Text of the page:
Understanding your microbiome

Imagine a rainforest teeming with life, all around are trees reaching seemingly to the sky, monkeys swing though the branches, vividly coloured birds shout noisily to each other, butterflies flutter by flowers, wire haired pigs snuffle in the dirt, underneath our feet tree roots form a dense mat. All these and many more plants, animals, fungi and bacteria are living interlinked lives, all part of a complex and dependent ecosystem. This level of complexity with micro habitats, different species and a sensitive ecosystem all exists in your gut.

The gut microbiome is the community of micro-organisms that lives inside your intestines. Each of us has thousands of species of bacteria and fungi, which differ from each other more than a lion does from a jellyfish. These gut microbiota are not passive travellers that accompany us through life. They have an active role in digestion and absorption of food and even influence our immune system. There are many thousands of different species of bacteria present in every individual, but the dominant species of bacteria can differ from person to person. Having an unhealthy mix of gut bacteria has been linked to obesity, diabetes, auto-immune disease and depression. Having a healthy balance of gut bacteria is also critical to healthy ageing. Luckily there are steps you can take to ensure a healthy gut microbiome to live a long and healthy life.

What do gut bacteria do?

Before we can access the nutrients in the food we eat, it needs to be digested, or broken down into small enough particles to be absorbed into our cells. Although our bodies produce many enzymes that break down food, we cannot access all the available nutrients. Gut bacteria in the large intestine breakdown otherwise indigestible components of food, such as fibre, providing up to 10% of our daily energy.

Some of these bacterial products actually are key nutrition sources for cells in the intestine and liver. These bacterial products also regulate appetite by increasing the release of hormones give a feeling of satiety. The bacterial products of healthy bacteria even have an influence on the immune system by decreasing inflammation.

As people age, the gut microbiome changes and becomes less diverse. The dominant species of bacteria also change. These changes are related to things like hospital admission, medication use and dietary changes. In particular, eating a diet that is low in fibre can deplete certain species of bacteria. Some of these changes may also be related to the physiology of ageing. As people age, there can be changes in the immune system that lead to constant low-grade inflammation, which may also influence the which bacterial species predominate. When there is less diversity in the gut, this gives the opportunity for bacteria to take over that can cause disease.

Not all people will have the same health status in older age. Older adults who have less physical reserve are described as frail. People who are frail are much more vulnerable to the development of new disability, from a seemingly minor insult.  The cause of frailty is incompletely understood, but there is a strong association with inflammation, or inefficient activation of the immune system. Frail older adults have a much less diverse gut microbiome than robust older adults. This in turn might increase inflammation and lead to increased frailty. This can also lead to more disease causing bacteria growing in the gut, which can lead to infections, like urinary tract infections and pneumonia.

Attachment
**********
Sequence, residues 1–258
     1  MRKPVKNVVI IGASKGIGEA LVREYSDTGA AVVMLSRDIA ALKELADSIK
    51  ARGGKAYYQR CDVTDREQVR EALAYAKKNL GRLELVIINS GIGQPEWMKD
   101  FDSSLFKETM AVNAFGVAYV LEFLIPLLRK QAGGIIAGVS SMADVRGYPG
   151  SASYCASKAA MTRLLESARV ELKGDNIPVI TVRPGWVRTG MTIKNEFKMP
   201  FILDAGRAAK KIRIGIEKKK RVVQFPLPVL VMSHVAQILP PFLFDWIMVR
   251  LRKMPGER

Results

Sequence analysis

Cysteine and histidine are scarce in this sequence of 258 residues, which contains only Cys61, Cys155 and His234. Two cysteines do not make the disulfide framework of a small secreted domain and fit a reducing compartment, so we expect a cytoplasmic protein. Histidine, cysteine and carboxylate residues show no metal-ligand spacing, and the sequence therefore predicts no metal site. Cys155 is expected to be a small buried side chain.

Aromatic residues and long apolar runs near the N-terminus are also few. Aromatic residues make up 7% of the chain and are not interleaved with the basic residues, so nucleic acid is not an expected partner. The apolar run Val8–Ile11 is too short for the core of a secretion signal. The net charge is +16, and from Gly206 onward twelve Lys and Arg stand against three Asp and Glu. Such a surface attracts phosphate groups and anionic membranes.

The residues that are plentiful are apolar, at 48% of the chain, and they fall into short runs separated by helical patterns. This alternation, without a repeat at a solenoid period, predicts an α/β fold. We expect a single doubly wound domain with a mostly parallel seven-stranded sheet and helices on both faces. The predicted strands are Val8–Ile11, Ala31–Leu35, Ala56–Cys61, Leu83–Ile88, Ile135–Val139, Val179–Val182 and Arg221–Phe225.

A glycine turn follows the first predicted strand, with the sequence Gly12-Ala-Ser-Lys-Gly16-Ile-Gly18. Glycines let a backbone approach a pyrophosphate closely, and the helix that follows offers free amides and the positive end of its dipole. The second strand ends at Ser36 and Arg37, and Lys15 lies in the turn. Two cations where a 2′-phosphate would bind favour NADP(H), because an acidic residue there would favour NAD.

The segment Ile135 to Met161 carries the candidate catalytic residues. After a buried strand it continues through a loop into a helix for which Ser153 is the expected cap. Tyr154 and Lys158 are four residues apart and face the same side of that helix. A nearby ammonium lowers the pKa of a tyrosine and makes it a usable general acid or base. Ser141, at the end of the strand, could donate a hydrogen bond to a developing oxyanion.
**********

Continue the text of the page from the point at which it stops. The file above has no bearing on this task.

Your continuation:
What can you do?

We still have so much to learn about the bacteria that live with us. Looking at the bacteria present in faeces doesn't necessarily tell us which are the bacteria most important for health. Commercial probiotic tablets only carry a limited number of bacterial species, and as yet there is no evidence that these have any impact on ageing.

The dominant bacterial species in your gut will depend on what you feed them. Bacteria reproduce very quickly and the rate of reproduction for a particular species of bacteria is influenced by whether its’ preferred ‘food’ is available. Changing from a diet high in sugar and processed foods to one high in fibre can rapidly change the profile of the gut bacteria. High fibre foods include wholegrains, vegetables, fruit and legumes.

Inclusion of a large number of vegetables has another benefit for gut bacteria. Polyphenols are naturally occurring chemicals in plants that can increase the number of health associated gut bacteria. These can also be found in red wine and chocolate.

It is only in the last few years that we have started to understand the importance of the gut microbiome, and there is still so much to learn. While there are no direct therapies to enhance the microbiome for ageing, it is clear that our diet plays a key role in creating the right environment. By eating a diet rich with fresh, whole foods you can gain trillions of tiny allies in the path to healthy ageing.

First published on Sixty & Me